Why Autonomous Could be the Future
First and foremost, auto manufacturers are embracing self-driving cars because of their safety. Put simply, humans are not better drivers than robots. Self-driving cars would be able to make split-second decisions quicker than humans. Additionally, an autonomous vehicle future could wipe out incapacitated driving, which makes up 10% of all car crashes . Altogether, one study states that a future with fully autonomous vehicles could cut traffic accidents by at least 34% . While 34% fewer crashes may not seem like a massive decrease, it could have life-saving effects. There were an estimated 36,120 car crash fatalities in 2019 in the United States . If 34% of those crashes were averted by autonomous vehicles, it could save over 12,000 lives each year.
Finally, consumers are drawn to autonomous vehicles because of their convenience. Self-driving cars could put an end to the stresses and anxieties of driving. After all, driving has always required the driver’s complete attention; to the point where eating while driving is heavily discouraged, and texting while driving is illegal in most states. Driving requires full, undivided attention. And for heavy-traffic areas or long road trips, this can be inconvenient for drivers. A future where drivers can send emails, talk to passengers or even nap is incredibly appealing to most drivers. While fully autonomous vehicles are still a long way away, it’s clear why consumers are interested in self-driving cars as well.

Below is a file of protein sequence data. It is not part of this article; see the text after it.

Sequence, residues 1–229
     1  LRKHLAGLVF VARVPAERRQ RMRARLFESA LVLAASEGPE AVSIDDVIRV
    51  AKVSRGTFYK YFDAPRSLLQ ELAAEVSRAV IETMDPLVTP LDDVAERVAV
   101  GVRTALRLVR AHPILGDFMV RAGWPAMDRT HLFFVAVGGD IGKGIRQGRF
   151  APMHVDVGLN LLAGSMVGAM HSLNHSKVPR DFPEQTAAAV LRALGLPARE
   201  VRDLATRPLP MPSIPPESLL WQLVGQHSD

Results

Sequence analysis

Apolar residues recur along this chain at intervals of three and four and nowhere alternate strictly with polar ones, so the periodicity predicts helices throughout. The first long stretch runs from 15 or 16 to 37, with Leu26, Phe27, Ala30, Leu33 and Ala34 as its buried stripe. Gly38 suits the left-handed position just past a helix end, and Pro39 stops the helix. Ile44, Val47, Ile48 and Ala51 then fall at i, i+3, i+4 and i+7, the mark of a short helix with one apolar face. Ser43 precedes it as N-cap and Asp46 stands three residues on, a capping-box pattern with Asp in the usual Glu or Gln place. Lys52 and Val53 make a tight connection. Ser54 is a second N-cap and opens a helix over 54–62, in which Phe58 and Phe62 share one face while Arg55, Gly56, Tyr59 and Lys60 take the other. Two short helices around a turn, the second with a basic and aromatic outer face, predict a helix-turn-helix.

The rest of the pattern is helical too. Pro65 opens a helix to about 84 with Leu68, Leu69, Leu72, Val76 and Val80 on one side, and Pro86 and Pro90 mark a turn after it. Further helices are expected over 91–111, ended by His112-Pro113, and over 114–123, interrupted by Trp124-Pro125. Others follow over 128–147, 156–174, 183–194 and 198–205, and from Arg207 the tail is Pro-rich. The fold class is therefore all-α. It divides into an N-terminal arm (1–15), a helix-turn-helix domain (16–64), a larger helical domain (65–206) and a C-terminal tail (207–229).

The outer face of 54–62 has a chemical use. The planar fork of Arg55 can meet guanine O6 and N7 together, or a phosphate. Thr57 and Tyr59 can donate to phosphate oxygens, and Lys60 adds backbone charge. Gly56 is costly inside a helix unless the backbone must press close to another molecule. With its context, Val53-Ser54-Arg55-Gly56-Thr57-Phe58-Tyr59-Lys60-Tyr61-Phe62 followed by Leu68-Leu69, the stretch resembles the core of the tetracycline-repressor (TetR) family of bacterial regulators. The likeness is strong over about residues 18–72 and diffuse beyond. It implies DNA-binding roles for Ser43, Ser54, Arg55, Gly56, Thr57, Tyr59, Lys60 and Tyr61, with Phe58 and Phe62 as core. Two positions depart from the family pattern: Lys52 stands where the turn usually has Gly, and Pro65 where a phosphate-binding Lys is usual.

Why Autonomous Cars Could Flounder
One of the biggest obstacles facing automakers isn’t one of technological capability, but legal culpability. Right now, in almost every car crash, one of the affected drivers is at fault. Most importantly, the at-fault driver is often on the hook for financial penalties. But if all vehicles are autonomous, and there’s a crash, who is responsible? Because we are nowhere near this level of automation yet, we simply don’t know what the law will be in the era of self-driving cars. Could auto corporations be found at fault? If they are, why would companies continue to make autonomous vehicles if each one could mire the company in a lawsuit? Simply put, there are massive legal questions regarding autonomous vehicles that we don’t know the answer to, and won’t know until self-driving cars are much more integrated into society.
Finally, concern among consumers regarding privacy could cause the future of self-driving cars to sputter. Autonomous vehicles could become yet another device that collects and sells your personal data to advertisers. Even worse, these self-driving cars would have access to loads of unique data points, including travel histories and voice recordings. And because self-driving cars require software updates for new roads, even cars could become subject to ransomware attacks and other cybercrime. While autonomous vehicles can offer unparalleled convenience for their users, they can also force new, invasive forms of surveillance.